The world has never been short of the irresolvable arguments of and on philosophy. While the beast is cherished by many, many more others hate it like they abhor their death. The recent raging row on Facebook among the northern youth about the relevance or otherwise of studying Philosophy is nothing that new, unexpected or shocking, at least to me. What is astonishing is the way the whole drama is perceived by some, and treated by others, while many are left totally baffled. This is, perhaps, one of the reasons why some ‘concerned’ individuals sought for my opinion on the matter. This is what I set out to do here.
For a record, I am not a philosopher and I won’t pretend to be one. I don’t even find Philosophy a discipline worthy of my drunken desire to learning. I had once started an online course on it on Coursera, for which I downloaded and purchased some books, but I abandoned it halfway. However, I have read a few of those books. As a former student of the English language (Literature), I am not uninformed of the trend, and generally the topic, of Philosophy as a field of study. My major reason – for quitting my pursuit of Philosophy – is my failure (?) to reconcile it with my faith. The mutual antipathy between them is so unbridgeable.
Islam, however, is not the only faith that struggles with this beast. Other Abrahamic religions – Christianity and Judaism – too are in the bout. Believe it or not, Philosophy is, for hundreds of years, neither a favourite brother nor even a cousin to these faiths. However, for Hinduism, Sikhism, Jainism, Buddhism, etc, the story is rather different, for they are founded on mysticism. It is, therefore, not a surprise that the few Muslim intelligentsias that practised it then and now are largely subscribers to the branch of Islam – Sufism – that shares a great affinity to those mystic-based, Indian-originated faiths. This is, perhaps, a topic for another day, for I lived in India for two good years.
Historically, from Socrates to Gorz, philosophers at one or another point in their lives face(d) tragic moral dilemma and conflict with the establishment and the community they belong to. The vast gap in their bizarre view of the world (for instance: many of them deny the God’s existence, revelation and retribution; others are unconvinced of that, etc) and what the instituted authorities and the commoners believe in is always the crux of the argument, the flashpoint. Most of them were, and are, confused about their identities, of the world they live and invariably often end up insane. Others were, and are, oftentimes considered apostates, or heretics, pariahs, and whatnot. This unfavourable view is, apparently, one of the reasons that lead them to despair, depression and, eventually, tragic death. Many committed suicide, in a sanatorium, etc. Many – yes, many – died unceremoniously.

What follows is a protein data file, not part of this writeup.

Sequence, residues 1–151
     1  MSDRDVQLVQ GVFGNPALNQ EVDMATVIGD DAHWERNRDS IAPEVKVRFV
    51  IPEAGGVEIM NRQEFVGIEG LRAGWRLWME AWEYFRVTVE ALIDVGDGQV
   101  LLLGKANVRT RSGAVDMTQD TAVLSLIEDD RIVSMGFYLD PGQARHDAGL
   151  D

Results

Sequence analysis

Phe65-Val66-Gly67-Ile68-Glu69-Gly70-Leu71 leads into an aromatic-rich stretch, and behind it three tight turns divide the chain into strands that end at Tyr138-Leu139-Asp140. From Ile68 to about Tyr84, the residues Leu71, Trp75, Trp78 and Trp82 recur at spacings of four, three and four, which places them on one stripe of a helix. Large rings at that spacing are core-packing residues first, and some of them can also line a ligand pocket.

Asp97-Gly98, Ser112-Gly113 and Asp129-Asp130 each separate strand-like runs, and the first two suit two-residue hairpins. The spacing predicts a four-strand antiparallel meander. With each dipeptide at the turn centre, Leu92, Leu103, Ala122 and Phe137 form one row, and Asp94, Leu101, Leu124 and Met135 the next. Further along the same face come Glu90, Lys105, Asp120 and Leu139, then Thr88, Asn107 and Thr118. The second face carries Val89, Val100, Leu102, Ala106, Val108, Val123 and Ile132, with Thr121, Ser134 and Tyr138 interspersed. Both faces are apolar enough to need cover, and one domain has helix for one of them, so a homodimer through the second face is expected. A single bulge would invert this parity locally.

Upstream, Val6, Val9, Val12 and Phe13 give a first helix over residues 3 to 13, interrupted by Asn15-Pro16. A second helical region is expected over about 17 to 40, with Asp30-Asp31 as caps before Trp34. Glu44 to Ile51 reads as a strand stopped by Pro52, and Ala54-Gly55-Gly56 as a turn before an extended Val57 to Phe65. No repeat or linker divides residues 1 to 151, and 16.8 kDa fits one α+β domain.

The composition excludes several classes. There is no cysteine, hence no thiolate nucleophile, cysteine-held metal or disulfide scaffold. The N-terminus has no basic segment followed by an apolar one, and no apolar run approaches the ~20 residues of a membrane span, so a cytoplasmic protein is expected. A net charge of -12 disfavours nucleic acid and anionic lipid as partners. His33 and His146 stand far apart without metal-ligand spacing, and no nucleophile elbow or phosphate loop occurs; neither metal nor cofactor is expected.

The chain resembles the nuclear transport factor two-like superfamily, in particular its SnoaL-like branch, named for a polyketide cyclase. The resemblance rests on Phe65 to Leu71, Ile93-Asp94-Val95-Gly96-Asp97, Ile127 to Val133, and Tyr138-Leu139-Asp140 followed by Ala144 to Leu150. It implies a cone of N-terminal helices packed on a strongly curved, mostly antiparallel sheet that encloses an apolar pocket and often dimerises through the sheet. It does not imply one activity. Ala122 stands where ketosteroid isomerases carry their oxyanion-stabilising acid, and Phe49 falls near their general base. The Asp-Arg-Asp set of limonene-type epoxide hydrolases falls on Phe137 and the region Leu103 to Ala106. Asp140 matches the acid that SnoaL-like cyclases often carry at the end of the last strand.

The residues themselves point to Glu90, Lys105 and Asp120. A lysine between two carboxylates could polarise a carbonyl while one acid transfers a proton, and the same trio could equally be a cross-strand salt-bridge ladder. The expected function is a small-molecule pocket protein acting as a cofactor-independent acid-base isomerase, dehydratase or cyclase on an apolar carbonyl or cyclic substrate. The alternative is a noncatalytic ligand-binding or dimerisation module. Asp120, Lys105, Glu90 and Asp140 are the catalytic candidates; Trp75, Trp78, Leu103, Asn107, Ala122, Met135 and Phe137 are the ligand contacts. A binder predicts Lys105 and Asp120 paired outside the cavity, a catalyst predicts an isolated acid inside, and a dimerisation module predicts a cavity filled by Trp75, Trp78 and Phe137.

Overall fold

No wonder, some scholars, including western ones, wrote on the stories surrounding those dramatic deaths. Sadly, however, some people are today looking at those “lost sheep” as role models, or shapers of their lives. The writings – which I have, at least – include Book of Dead Philosophers (2009) by Simon Critchley, How Philosophers Die (2007) by David Palfrey, etc. Please note that there is no absolute universal generalization in my or those authors’ submission as to the ends of philosophers. Let me use logic to explain this:
Many philosophers have a tragic end
Friedrich Nietzsche was a philosopher
Friedrich Nietzsche died tragically
The premise of the inference “many” means not all, but MANY. Would you like to be among the many, for instance, anyway? I, for once, will not like to toe their path for several reasons, some of which you could have deduced from the foregoing.
God knows I did not like to partake in this argument for its futility. I believe some of you can remember my post on the frivolousness of argument on Facebook some time ago. None of us is here (there) to be told what to do and what not to do. We are all of age. Thus, one has a choice to do what one likes. After all, I am under no obligation whatsoever to guide you to the path I consider right, for my right can be your left and vice versa. The much I should, and can, do is to feel sad. I doubt if I will do even that. To each his/her own.
Finally, one does not have to ridicule his/her religion to be called “intellectual”. Intellectualism doesn’t hide. An aphorism aptly says that let people see your deeds and judge. Stop the pretence, or searching for pertinence. Again, popularity on the social media does not mean anything. Many people were once very, very popular and have now lost all that, or are gone completely. Therefore, what is it then?
Mend your relationship with the Creator – if you believe He exists. Or, at least, learn to live with the majority in peace and harmony. You wouldn’t like to rave mad, or, as it were, be tagged outcast. Thus, for either celestial or terrestrial sake, I think not bragging being a Philosopher – and yes, you can, and should study it but do that conscientiously – is better and rewarding. Socrates too would have lived longer had he renounced his weird stand!